Né en 1980, deux ans trop tôt il paraît pour être un millenial, tant pis pour moi la vie continue. Passions étranges: histoire, science politique, Véronique Sanson, Elton John (j'ai des diplômes en tout ça + de l'ESJ, école de journalisme de Lille).
J'ai tâté du journalisme dans des radios locales de France Bleu (j'aime beaucoup les micros) et à Berlin, en stage au bureau de l'Agence France Presse et de Libération. Puis premier boulot de journaliste au magazine économique Challenges où j'ai écrit sur les gens riches et rencontré beaucoup de patrons, très très très instructif.
A Mediapart, j'ai suivi l'actualité économique et sociale en pleine crise (2008 à 2012), couvert la révolution tunisienne, tenté de chroniquer le quinquennat juste LOL de François Hollande, et assisté à l'OPA d'Emmanuel Macron sur la présidence de la République.
Depuis octobre 2017, je suis le correspondant de Mediapart au Trumpistan, qui n'est pas que ça. Toujours un très fier membre de l'Association des journalistes LGBT, créée en 2013, qui encourage les rédactions à traiter les sujets LGBT avec précision et justesse.
Livres: Tunis Connection, enquête sur les réseaux franco-tunisiens sous Ben Ali (Seuil 2012), avec Lénaïg Bredoux; Macron & Cie, enquête sur le nouveau président de la République (Don Quichotte, 2017, avec la rédaction de Mediapart).
Pour me contacter: @mathieu_m sur Twitter ou firstname.lastname@example.org. (photo: © éd. Don Quichotte)View his profile in the club
Ses Derniers articles
Yellow vest protestors on the Champs-Élysées avenue in Paris, November 2018. © Reuters
The two-month-long ‘gilets jaunes’, or ‘yellow vest’, movement in France, protesting the fall in living standards for low- and middle-income earners and against the powers of the country’s social and political elite, continues largely unabated. It has attracted worldwide attention, and not least in the United States, where the Left sees it as an echo of the Occupy Wall Street movement, where also supporters of President Donald Trump have hi-jacked it as a new symbol of protest against the liberal establishment, and where the latter interpret it as a devil of populism. Mediapart’s US correspondent Mathieu Magnaudeix reports from New York on the confused reactions across the Atlantic to the largely misunderstood revolt in France.
One of the rising stars in American socialism, 28-year-old Alexandria Ocasio-Cortez. © Reuters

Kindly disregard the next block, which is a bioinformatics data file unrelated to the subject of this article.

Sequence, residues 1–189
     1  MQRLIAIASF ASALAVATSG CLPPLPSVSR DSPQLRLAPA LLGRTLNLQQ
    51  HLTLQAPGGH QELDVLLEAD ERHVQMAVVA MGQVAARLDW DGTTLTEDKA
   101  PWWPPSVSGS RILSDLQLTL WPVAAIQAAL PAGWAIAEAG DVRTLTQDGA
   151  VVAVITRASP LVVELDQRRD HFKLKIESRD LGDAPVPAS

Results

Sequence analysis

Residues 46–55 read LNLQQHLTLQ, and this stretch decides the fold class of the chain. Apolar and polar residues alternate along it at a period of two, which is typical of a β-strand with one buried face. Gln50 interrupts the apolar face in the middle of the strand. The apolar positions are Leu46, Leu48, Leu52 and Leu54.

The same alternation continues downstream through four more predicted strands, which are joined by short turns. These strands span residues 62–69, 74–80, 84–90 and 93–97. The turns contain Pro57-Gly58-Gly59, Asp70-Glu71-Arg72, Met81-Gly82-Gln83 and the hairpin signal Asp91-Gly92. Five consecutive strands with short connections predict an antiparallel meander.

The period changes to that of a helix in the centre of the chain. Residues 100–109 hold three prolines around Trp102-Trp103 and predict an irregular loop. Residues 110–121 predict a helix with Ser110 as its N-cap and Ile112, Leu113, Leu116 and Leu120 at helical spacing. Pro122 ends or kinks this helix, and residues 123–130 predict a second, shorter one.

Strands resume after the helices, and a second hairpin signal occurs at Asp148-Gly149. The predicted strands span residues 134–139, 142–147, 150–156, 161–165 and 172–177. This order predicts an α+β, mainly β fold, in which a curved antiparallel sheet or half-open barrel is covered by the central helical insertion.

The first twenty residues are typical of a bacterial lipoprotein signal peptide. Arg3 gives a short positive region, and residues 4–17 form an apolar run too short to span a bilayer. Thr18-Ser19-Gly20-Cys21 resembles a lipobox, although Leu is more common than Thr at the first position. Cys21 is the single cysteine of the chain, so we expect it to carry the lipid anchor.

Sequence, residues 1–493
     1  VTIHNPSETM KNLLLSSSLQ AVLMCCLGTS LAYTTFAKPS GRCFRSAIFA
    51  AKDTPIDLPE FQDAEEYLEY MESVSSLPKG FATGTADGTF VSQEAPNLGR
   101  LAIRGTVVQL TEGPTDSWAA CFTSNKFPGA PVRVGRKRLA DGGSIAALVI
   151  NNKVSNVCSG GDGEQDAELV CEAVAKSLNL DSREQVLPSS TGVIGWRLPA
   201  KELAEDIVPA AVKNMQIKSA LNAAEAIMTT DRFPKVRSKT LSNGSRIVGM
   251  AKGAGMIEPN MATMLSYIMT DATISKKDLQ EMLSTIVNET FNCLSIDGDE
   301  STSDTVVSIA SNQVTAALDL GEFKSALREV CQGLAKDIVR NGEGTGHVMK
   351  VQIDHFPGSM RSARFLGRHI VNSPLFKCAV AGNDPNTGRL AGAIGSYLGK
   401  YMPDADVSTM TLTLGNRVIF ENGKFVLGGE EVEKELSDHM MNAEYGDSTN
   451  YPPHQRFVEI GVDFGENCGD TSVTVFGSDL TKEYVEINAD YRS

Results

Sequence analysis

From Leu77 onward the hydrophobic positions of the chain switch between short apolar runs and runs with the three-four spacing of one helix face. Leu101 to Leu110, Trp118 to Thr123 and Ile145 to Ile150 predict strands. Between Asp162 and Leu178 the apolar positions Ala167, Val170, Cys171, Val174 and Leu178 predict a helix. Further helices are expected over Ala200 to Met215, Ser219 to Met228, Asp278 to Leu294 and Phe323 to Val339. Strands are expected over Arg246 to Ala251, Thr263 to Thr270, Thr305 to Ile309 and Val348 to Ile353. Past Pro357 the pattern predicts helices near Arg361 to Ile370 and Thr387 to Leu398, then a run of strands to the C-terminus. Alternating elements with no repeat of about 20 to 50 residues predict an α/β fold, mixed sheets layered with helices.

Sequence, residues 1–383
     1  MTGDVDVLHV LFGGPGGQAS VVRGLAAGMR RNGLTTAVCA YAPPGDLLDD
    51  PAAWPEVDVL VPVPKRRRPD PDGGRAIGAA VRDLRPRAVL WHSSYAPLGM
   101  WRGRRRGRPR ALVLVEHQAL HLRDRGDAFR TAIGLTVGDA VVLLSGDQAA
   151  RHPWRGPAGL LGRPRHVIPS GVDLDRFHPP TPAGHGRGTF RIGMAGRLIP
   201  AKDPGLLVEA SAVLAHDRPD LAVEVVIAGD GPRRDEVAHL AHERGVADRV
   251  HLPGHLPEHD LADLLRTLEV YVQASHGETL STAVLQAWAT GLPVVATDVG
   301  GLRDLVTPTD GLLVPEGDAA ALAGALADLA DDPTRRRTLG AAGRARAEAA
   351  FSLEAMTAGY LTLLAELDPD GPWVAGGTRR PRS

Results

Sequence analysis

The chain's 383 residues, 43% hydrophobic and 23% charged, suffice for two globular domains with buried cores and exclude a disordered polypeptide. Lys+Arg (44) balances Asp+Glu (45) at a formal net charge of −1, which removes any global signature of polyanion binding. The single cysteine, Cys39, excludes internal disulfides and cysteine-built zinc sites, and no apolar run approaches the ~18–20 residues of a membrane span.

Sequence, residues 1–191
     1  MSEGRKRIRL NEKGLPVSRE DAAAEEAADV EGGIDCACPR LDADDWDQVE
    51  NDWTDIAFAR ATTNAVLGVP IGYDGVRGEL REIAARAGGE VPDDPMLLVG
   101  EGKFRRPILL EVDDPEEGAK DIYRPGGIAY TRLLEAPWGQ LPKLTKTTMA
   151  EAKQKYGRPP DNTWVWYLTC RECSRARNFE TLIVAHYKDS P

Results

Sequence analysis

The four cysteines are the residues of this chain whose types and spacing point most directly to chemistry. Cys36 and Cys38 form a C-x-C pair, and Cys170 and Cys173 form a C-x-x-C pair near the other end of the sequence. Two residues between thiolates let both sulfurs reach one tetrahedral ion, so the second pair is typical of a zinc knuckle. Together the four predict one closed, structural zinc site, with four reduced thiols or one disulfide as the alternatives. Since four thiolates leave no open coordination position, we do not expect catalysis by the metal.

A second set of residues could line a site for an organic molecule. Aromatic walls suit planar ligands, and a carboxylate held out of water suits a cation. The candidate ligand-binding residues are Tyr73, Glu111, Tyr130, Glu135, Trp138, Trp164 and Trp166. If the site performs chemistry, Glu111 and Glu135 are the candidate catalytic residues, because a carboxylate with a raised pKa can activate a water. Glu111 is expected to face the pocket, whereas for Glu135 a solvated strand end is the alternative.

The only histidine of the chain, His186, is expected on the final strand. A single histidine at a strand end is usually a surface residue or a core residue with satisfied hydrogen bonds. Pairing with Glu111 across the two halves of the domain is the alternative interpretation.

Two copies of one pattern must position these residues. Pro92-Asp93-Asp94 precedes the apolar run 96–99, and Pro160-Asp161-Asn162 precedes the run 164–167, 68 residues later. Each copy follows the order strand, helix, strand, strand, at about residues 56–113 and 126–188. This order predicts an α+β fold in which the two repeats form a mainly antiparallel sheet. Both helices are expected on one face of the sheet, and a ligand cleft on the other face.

The very word has been anathema in America for so long. Yet in the wake of Bernie Sanders' strong showing in the Democratic Party primaries ahead of the last presidential election, more and more Americans are calling themselves “socialists”. Some are even winning elections. Mediapart's New York correspondent Mathieu Magnaudeix gives a pen portrait of some of these new candidates on the American Left who are fighting against capitalism as much as they are combating discrimination.
Joseph Stiglitz in Mexico, June 2017. © Reuters
In an interview with Mediapart the celebrated Nobel Prize winner for economics, Joseph Stiglitz, says he is worried about the continuing pursuit of austerity policies in the Eurozone. The economist say he is concerned, too, about President Donald Trump's policies and the explosion in inequality since the financial crisis of 2008. More than ever, he tells Mediapart, there is a need for wages to rise, for better regulation of the financial world and for a war on huge “monopolies”. Mathieu Magnaudeix reports.
Emmanuel Macron interviewed by Fox News. © Fox News
French President Emmanuel Macron arrived in the United States on Monday for a three-day state visit, the first of its kind by a foreign head-of-state since the election of Donald Trump as president. Mediapart’s US correspondent Mathieu Magnaudeix analyses American perceptions of the French president as a bulwark against the advance of populist politics and an antidote to Trump, who one US media commentator even ventured to describe as “a beacon for progressives hoping to find their way back to the halls of power across the democratic world”.